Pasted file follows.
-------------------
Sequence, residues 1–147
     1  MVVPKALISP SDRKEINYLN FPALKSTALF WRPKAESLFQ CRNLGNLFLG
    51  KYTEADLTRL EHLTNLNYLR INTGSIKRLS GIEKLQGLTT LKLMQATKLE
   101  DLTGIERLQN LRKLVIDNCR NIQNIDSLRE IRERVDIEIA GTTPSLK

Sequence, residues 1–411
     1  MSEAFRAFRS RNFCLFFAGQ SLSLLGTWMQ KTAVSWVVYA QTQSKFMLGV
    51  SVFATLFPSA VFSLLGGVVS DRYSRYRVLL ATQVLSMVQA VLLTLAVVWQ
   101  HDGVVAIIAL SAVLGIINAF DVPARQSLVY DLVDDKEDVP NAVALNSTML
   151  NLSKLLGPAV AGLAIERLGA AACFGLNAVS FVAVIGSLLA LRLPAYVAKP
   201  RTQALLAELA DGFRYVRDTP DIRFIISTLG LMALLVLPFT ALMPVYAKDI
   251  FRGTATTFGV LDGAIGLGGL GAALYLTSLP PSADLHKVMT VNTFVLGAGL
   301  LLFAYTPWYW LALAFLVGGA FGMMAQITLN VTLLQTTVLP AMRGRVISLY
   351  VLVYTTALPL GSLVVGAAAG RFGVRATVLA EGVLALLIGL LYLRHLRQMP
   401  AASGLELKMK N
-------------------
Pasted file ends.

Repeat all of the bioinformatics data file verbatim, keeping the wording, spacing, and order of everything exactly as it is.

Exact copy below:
Sequence, residues 1–147
     1  MVVPKALISP SDRKEINYLN FPALKSTALF WRPKAESLFQ CRNLGNLFLG
    51  KYTEADLTRL EHLTNLNYLR INTGSIKRLS GIEKLQGLTT LKLMQATKLE
   101  DLTGIERLQN LRKLVIDNCR NIQNIDSLRE IRERVDIEIA GTTPSLK

Sequence, residues 1–411
     1  MSEAFRAFRS RNFCLFFAGQ SLSLLGTWMQ KTAVSWVVYA QTQSKFMLGV
    51  SVFATLFPSA VFSLLGGVVS DRYSRYRVLL ATQVLSMVQA VLLTLAVVWQ
   101  HDGVVAIIAL SAVLGIINAF DVPARQSLVY DLVDDKEDVP NAVALNSTML
   151  NLSKLLGPAV AGLAIERLGA AACFGLNAVS FVAVIGSLLA LRLPAYVAKP
   201  RTQALLAELA DGFRYVRDTP DIRFIISTLG LMALLVLPFT ALMPVYAKDI
   251  FRGTATTFGV LDGAIGLGGL GAALYLTSLP PSADLHKVMT VNTFVLGAGL
   301  LLFAYTPWYW LALAFLVGGA FGMMAQITLN VTLLQTTVLP AMRGRVISLY
   351  VLVYTTALPL GSLVVGAAAG RFGVRATVLA EGVLALLIGL LYLRHLRQMP
   401  AASGLELKMK N